"It has to," Stevenson said. "It worked."
Stevenson moved from starting shooting guard to backup small forward in Game 4 and wound up playing more than 25 minutes, about 11 more than he was averaging in the NBA Finals as a starter. He recorded his first double-digit scoring effort of the playoffs with 11 points, all in the second quarter during a stretch in which he hit 3-of-4 from 3-point land and three in a row.
Mavs coach Rick Carlisle made the move seeking an offensive spark early with an additional playmaker in Barea and to try to pick up the game's pace to better favor the Mavs' preferred style of play. However, the defensive adjustment was even more impactful. Carlisle wanted to reduce Shawn Marion's minutes so he opted to bring Stevenson off the bench behind Marion to help guard LeBron James. It paid off as James finished with eight points, his first-ever playoff game scoring in single figures.
"The reason to do it, there were several," Carlisle said. "There was the whole rotation. The issue with Marion's minutes, I thought we could address sort of in a residual way, I guess, for lack of a better word. Then, Miami is so active and such a great rotating team defensively that having playmaking on the floor is important. And so it just was something that I felt it was the right thing."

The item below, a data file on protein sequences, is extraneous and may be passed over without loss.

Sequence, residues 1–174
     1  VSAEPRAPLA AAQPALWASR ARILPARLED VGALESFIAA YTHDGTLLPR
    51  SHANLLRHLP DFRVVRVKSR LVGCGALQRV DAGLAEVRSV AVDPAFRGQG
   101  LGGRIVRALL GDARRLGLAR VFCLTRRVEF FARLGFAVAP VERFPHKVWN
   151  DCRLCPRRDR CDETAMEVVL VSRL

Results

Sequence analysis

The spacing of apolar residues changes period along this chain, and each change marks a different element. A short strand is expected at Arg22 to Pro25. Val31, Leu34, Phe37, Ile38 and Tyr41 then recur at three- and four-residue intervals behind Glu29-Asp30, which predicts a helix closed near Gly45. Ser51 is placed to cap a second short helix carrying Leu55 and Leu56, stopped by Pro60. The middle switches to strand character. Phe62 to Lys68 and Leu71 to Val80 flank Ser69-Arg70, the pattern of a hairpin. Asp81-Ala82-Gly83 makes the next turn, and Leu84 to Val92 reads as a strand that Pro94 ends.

The lineup switch moved backup point guard Barea into the starting spot at shooting guard. It's an interesting move because when Barea is paired with Jason Kidd, the elder statesman tends to give the ball to the quick-footed Barea, the team's best penetrator, and tell him to go to work.
"It’s great, I like it," Barea said of starting next to Kidd. "He’s always giving me the ball, too, and telling me to attack, so I got to attack. When you’ve got Jason Kidd giving you the ball and telling you to attack, you better attack."
Barea would still like to make more shots. He was 3-of-9 for eight points in 22 minutes, and he'd love to have back a blown first-quarter layup down the middle of the lane where he might have been stunned just how clear his path was to the basket.
"I think since I was 3 years old I never missed a layup like that," Barea said. "It just stuck on the rim."
Barea does prefer his matchup in the starting lineup against the older, smaller and slower Mike Bibby as compared to Mario Chalmers off the bench. Barea had previously said that Chalmers did a good job of using his bigger body stay in front of him.